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I have a heat pump system that is increasing the humidity in the house when it is in heating mode. So much so that when the heat pump comes on condensation starts to form on the windows.

It only affects the rooms where the heat pump is heating and even then it is not equal. For example, I have one zone that has two rooms. When the heat pump comes on the windows in one room fog up, but in the other room which is directly adjacent they do not, so the moisture might just be coming from one supply--not sure how that could happen.

How can I further diagnose and fix this problem?

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    There is no process in a heat pump system that would generate or create water vapor in the heating cycle. Question: Are you sure that there isn't a HUMIDIFIER installed that is setup to run when heating?
    – jwh20
    Sep 29 '19 at 10:12
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    @jwh20 I am not sure. How can I determine if there is such a humidifier? Sep 29 '19 at 10:19
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    Can you take some photos of the air handler? If there is a humidifier it will be installed on the OUTLET side of the handler.
    – jwh20
    Sep 29 '19 at 12:03
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    To find a humidifier, look for water lines running to your furnace. Often I've seen it installed as a 1/4" copper water line running from an additional valve on top of the hot water heater which runs to the humidifier installed on a bypass duct between the supply and return near the furnace. Sometimes there also is a duct shutoff damper on the bypass duct that people label "Winter/Summer" or something along those lines for open/closed.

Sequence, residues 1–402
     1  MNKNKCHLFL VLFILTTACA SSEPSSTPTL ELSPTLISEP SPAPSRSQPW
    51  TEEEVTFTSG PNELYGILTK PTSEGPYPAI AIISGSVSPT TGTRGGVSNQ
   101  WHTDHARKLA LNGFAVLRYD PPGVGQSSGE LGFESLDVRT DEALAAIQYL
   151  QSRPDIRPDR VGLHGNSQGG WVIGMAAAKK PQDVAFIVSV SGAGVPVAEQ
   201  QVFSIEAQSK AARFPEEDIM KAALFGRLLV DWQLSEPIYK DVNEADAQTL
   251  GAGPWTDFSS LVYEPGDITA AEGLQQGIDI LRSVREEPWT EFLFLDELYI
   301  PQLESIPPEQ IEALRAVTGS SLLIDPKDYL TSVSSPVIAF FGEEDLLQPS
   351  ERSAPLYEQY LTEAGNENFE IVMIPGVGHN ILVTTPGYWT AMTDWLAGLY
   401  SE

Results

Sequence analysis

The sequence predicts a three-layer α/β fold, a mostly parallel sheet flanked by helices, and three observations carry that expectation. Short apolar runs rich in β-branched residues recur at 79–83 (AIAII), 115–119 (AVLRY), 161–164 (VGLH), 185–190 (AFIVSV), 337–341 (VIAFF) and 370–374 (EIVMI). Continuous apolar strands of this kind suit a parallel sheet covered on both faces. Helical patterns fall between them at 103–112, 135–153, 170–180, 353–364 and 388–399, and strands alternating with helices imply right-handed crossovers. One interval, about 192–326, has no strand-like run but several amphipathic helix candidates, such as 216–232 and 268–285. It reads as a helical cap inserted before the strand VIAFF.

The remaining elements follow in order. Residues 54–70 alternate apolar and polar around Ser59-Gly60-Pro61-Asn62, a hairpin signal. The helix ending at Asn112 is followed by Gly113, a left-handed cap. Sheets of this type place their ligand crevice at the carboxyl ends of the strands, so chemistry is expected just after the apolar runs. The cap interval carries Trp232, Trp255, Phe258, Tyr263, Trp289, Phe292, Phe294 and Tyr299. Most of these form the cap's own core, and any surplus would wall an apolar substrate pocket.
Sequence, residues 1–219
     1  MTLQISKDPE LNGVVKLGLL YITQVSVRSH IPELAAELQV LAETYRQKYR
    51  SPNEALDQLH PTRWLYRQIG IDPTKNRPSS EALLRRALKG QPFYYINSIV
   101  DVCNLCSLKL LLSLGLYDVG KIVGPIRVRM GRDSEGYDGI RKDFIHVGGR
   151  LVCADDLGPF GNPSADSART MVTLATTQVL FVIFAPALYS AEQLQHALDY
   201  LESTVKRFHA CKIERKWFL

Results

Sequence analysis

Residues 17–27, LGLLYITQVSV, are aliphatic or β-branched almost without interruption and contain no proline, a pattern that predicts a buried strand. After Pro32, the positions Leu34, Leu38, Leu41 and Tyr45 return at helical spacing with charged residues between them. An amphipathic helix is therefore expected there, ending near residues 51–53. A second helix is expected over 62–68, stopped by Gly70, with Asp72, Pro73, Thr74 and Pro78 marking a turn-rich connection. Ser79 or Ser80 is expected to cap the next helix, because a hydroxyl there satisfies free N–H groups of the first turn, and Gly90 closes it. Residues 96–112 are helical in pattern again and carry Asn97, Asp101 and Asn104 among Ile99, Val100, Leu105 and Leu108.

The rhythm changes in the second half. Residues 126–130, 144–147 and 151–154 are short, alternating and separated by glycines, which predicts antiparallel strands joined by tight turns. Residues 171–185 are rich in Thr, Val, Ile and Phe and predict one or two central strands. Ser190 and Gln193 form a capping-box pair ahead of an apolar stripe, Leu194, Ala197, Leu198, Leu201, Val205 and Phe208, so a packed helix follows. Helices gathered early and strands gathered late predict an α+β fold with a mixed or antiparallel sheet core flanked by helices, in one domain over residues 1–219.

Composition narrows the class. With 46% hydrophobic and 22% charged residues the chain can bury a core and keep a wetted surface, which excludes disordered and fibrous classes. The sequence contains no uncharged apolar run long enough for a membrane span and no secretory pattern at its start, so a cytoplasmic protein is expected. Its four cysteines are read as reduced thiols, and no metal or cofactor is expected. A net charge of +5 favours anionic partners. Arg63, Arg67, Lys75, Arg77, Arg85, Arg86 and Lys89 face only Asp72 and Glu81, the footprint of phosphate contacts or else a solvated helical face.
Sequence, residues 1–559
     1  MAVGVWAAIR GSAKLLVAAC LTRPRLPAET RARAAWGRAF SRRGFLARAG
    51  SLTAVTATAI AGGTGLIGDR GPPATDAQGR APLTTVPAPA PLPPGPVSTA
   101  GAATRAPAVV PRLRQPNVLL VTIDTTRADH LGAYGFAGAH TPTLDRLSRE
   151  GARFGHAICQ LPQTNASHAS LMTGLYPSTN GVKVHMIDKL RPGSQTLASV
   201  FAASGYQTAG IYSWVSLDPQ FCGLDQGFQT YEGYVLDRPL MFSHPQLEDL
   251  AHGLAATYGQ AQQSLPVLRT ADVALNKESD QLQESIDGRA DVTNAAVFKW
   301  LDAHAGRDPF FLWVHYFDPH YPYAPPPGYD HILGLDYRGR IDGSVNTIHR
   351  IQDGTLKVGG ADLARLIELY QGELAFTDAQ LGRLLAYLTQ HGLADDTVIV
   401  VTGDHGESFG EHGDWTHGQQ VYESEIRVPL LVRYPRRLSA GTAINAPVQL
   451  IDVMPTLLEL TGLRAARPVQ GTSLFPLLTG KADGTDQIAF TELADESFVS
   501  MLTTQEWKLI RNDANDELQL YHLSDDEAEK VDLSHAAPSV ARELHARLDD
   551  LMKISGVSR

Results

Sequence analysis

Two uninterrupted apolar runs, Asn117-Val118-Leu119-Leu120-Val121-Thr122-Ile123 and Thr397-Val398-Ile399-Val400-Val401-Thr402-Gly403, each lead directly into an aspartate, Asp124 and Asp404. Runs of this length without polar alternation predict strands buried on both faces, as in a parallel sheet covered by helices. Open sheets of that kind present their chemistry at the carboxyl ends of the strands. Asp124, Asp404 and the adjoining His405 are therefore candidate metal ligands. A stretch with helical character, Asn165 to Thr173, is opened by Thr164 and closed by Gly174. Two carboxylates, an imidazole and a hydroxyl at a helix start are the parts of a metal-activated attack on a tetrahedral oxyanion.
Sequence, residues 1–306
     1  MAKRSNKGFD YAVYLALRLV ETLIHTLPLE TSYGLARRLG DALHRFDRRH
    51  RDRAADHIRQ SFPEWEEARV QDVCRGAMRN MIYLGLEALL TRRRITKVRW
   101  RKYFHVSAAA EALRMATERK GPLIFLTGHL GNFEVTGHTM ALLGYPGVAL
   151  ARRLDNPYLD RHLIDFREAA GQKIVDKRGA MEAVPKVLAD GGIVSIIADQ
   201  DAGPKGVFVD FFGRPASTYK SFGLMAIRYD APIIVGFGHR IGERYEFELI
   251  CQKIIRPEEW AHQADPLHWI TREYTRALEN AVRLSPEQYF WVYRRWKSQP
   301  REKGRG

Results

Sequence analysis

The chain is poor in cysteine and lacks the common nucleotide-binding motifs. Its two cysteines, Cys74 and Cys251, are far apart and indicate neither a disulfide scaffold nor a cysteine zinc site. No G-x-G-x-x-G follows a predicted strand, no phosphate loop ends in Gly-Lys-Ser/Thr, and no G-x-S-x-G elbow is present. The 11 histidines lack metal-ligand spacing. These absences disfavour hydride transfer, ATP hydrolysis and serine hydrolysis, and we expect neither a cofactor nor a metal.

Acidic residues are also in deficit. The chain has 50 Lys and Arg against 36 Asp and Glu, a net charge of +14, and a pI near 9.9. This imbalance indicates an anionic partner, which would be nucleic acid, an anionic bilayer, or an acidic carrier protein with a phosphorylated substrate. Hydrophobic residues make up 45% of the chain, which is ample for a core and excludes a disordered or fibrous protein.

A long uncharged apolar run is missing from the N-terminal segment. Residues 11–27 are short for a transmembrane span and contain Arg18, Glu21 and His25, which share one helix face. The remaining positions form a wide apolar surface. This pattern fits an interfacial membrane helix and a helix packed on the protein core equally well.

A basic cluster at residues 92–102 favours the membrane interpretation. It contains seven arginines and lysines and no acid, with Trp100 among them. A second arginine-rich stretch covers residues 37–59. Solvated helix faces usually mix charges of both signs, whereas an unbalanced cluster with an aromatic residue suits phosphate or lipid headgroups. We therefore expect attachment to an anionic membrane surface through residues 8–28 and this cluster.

– Dotes
    Sep 29 '19 at 14:21
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    is this thing running in A/C mode in the hours before this happens? How soon before? Sep 29 '19 at 14:42
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If your drip tray in the inside unit has standing water this will cause high humidity when heating. Other than this there is no way for a heat pump to generate moisture in heat mode.

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The OP says this is occurring in one room, but not in another. Possibly water is collecting in one run of ductwork due to a roof leak or a plumbing leak.

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This is the natural phenomenon of condensation. The increase in temperature changes the dew point of the air, and the cold windows start to form condensation since they are below the ambient dew point. This is the same reason why the part on your fridge between the freezer and refrigerator is heated. The cure is either to warm the windows, or cool the air next to them. You can use curtains or sheer to keep a layer of cool air trapped next to the glass. An exterior insulating film could help keep them a little warmer, but I'm not aware of any such product.

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  • Temperature increase doesn't change dew point, and it results in less condensation. You have a flaw in your thinking there. This would only apply if the outside temperature dropped.
    – isherwood
    Jul 21 at 16:04
  • Air Temp of 65°F. RH of 50%. Window temp: 48°. Dew point = 45°. No condensation. Air Temp of 70°F. RH of 50%. Window temp: 48°. Dew point = 51°. Condensation. Jul 21 at 18:41
  • RH goes down as air temp rises. That's fundamental.
    – isherwood
    Jul 21 at 18:52

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